Hurricane Florence’s onslaught has begun. But even before the category 1 hurricane made landfall, it forced some undocumented immigrants in North Carolina, including those in relatively safe areas, to evacuate their homes.
Originally anticipated to be a category 5 hurricane, the downgraded Florence is still expected to result in “life-threatening” rainfall, flooding, and structural damage, according to the Washington Post.
Residents of North Carolina’s central Piedmont area—encompassing some of the state’s largest cities, including Charlotte, Raleigh, Greensboro, Durham, and Winston-Salem—are no longer expected to experience the full force of the storm, but some undocumented immigrants in the area have had to evacuate their mobile home parks. Afraid to ask for assistance because of their immigration status, many are turning to social media for help.
Laura Garduño Garcia, a Greensboro-based organizer with the American Friends Service Committee and a member of the immigrant rights organization Siembra NC, told Rewire.News that undocumented immigrants in the city of Burlington who reside in mobile homes were abruptly issued evacuation notices and told they could not return to their homes until at least Saturday.
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“It’s in an area with an abundance of tall trees and it’s clearly a liability issue, the mobile home park didn’t want any responsibility if something bad happened,” said Garduño Garcia, who has been fielding calls from concerned undocumented community members all week. “People are being given evacuation notices with no direction on where to go, and the information in the area that is being disseminated—at least in Alamance County—is not in Spanish.”
The organizer has been helping to direct community members to shelters. She recommends that those circulating shelter information online verify what they’re posting is accurate, either by calling or checking the website. Siembra NC has a number of “verifiers” who work within the community to verify information circulating online, usually when there is a purported Immigration and Customs Enforcement (ICE) spotting or checkpoint.
The immigrant rights organization’s Facebook is also a useful source of information, posting the most up-to-date information on disaster shelters in the area and informing community members of their rights, including the requirement that state-managed shelters provide Spanish speakers with access to information in their language. The Durham-based grassroots organization Alerta Migratoria is doing similar work, using social media to disseminate information to immigrant communities, including lists of disaster shelters in hard-hit coastal areas.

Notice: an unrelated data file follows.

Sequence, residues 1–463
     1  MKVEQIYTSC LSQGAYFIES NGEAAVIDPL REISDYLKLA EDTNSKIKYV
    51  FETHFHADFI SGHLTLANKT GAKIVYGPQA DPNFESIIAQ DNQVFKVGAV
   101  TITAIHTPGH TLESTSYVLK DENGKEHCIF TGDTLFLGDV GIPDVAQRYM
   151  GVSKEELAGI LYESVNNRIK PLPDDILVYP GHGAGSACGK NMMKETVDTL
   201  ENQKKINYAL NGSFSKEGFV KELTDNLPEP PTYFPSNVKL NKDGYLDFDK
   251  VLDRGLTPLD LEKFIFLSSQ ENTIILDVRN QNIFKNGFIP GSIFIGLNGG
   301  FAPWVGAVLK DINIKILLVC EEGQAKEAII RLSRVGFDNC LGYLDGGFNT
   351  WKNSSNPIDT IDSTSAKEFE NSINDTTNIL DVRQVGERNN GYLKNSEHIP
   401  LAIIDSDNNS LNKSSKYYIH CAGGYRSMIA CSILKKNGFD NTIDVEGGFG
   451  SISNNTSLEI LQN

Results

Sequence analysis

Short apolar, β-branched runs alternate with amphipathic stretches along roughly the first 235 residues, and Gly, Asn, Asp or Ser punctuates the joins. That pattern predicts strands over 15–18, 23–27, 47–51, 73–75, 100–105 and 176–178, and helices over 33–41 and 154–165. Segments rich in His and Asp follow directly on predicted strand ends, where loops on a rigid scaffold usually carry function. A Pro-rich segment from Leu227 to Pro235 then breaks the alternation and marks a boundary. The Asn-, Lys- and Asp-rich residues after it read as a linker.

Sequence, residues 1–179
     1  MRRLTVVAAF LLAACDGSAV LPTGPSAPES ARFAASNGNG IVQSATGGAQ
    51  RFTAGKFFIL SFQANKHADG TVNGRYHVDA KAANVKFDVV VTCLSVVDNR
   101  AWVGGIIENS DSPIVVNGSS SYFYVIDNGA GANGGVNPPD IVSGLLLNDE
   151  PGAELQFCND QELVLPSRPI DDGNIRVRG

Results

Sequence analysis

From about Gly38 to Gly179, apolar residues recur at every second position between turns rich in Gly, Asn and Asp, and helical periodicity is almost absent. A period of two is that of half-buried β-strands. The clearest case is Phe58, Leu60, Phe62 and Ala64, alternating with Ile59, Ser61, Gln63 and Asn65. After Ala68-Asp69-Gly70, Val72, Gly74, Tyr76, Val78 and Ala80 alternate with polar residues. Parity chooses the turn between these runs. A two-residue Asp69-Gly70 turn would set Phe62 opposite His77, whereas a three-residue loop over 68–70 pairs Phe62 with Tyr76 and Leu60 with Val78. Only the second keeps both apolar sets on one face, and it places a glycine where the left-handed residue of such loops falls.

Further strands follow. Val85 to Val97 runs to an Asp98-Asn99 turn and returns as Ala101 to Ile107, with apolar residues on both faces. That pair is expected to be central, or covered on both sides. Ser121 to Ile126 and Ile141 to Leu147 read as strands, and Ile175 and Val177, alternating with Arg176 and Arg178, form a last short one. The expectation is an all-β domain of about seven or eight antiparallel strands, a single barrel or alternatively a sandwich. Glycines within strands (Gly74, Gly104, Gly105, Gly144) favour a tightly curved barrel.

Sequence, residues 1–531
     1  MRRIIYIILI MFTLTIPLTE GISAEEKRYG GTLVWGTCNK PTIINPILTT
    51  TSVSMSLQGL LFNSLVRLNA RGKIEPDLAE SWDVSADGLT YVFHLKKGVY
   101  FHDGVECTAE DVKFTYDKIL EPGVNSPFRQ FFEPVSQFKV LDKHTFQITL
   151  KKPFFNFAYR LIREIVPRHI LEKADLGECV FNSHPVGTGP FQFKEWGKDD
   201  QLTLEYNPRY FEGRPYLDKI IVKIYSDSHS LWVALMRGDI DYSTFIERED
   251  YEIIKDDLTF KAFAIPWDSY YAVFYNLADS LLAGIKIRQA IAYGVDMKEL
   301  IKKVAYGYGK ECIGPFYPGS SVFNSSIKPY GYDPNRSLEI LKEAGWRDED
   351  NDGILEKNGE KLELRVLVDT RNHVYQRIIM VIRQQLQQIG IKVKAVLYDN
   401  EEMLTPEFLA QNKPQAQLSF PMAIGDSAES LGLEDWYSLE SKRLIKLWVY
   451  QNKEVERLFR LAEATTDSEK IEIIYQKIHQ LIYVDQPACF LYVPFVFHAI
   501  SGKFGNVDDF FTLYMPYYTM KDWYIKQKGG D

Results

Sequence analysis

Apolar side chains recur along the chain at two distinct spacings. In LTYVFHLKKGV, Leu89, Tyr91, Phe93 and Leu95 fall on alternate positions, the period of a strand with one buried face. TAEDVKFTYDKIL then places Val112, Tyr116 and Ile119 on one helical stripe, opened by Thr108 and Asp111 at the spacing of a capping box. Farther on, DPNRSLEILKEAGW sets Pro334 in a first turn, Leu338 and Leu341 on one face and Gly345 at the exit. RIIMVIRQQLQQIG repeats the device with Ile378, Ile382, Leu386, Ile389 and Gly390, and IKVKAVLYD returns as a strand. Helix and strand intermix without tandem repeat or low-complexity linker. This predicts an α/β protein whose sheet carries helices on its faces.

Because of their immigration status, many undocumented residents have been afraid to approach officials with Florence evacuation questions and concerns, fearing detainment or worse, Garduño Garcia said.
Even in the Piedmont’s most “progressive” cities, officials work with ICE. As Rewire.News reported in February 2017, a driver’s license checkpoint near a public school in Durham caused panic in the community because these checkpoints can funnel undocumented immigrants into ICE custody. The Durham County Sheriff’s Office’s public information officer told Rewire.News last year that the agency participates in the Secure Communities program (replaced by the Priority Enforcement Program), which requires local law enforcement agencies to submit biometric information—including fingerprints—from anyone they arrested to a federal database. ICE would then submit detainers, which are essentially written requests, asking local law enforcement to hold those who were undocumented until they could get picked up for deportation proceedings.
At a public event held a month after the checkpoint with the goal of quelling the fears of immigrant communities in the city, a representative from the sheriff’s office denied the agency participated in Secure Communities.
In Alamance County, which encompasses the town of Burlington, where undocumented residents were evacuated from their mobile home park due to Florence, Garduño Garcia and other organizers have been fighting the possibility of the county re-entering a 287(g) program, which essentially deputizes local law enforcement to carry out immigration enforcement. The agreement between the county and ICE is being considered by Alamance County Sheriff Terry Johnson, who infamously referred to Mexicans as “taco-eaters.”
Additionally, federal immigration authorities appear to have their eyes on North Carolina, as illustrated last week when the Justice Department subpoenaed boards of elections in all 44 counties in North Carolina’s federal Eastern District on behalf of ICE. News of the subpoenas came less than two weeks after a grand jury indicted 19 noncitizen residents of North Carolina on charges of illegal voting in the 2016 election. A HuffPost investigation into the indictments found that some charged with illegally voting may not have known they were ineligible and may now face deportation “without the Justice Department proving they intended to break the law.”